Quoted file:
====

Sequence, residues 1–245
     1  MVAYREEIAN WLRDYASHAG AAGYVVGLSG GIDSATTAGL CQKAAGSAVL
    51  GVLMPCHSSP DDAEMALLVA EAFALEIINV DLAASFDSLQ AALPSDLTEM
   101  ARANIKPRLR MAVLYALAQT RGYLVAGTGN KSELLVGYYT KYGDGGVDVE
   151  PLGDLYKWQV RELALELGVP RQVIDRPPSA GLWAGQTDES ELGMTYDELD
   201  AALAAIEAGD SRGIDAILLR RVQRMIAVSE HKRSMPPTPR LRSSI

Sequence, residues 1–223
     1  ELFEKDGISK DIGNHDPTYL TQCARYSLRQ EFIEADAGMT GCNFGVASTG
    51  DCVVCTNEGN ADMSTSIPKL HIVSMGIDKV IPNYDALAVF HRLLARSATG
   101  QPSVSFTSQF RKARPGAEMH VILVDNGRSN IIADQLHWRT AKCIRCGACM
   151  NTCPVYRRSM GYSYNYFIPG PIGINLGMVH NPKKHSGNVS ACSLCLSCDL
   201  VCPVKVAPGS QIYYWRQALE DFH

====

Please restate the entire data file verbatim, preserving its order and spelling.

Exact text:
Sequence, residues 1–245
     1  MVAYREEIAN WLRDYASHAG AAGYVVGLSG GIDSATTAGL CQKAAGSAVL
    51  GVLMPCHSSP DDAEMALLVA EAFALEIINV DLAASFDSLQ AALPSDLTEM
   101  ARANIKPRLR MAVLYALAQT RGYLVAGTGN KSELLVGYYT KYGDGGVDVE
   151  PLGDLYKWQV RELALELGVP RQVIDRPPSA GLWAGQTDES ELGMTYDELD
   201  AALAAIEAGD SRGIDAILLR RVQRMIAVSE HKRSMPPTPR LRSSI

Sequence, residues 1–223
     1  ELFEKDGISK DIGNHDPTYL TQCARYSLRQ EFIEADAGMT GCNFGVASTG
    51  DCVVCTNEGN ADMSTSIPKL HIVSMGIDKV IPNYDALAVF HRLLARSATG
   101  QPSVSFTSQF RKARPGAEMH VILVDNGRSN IIADQLHWRT AKCIRCGACM
   151  NTCPVYRRSM GYSYNYFIPG PIGINLGMVH NPKKHSGNVS ACSLCLSCDL
   201  VCPVKVAPGS QIYYWRQALE DFH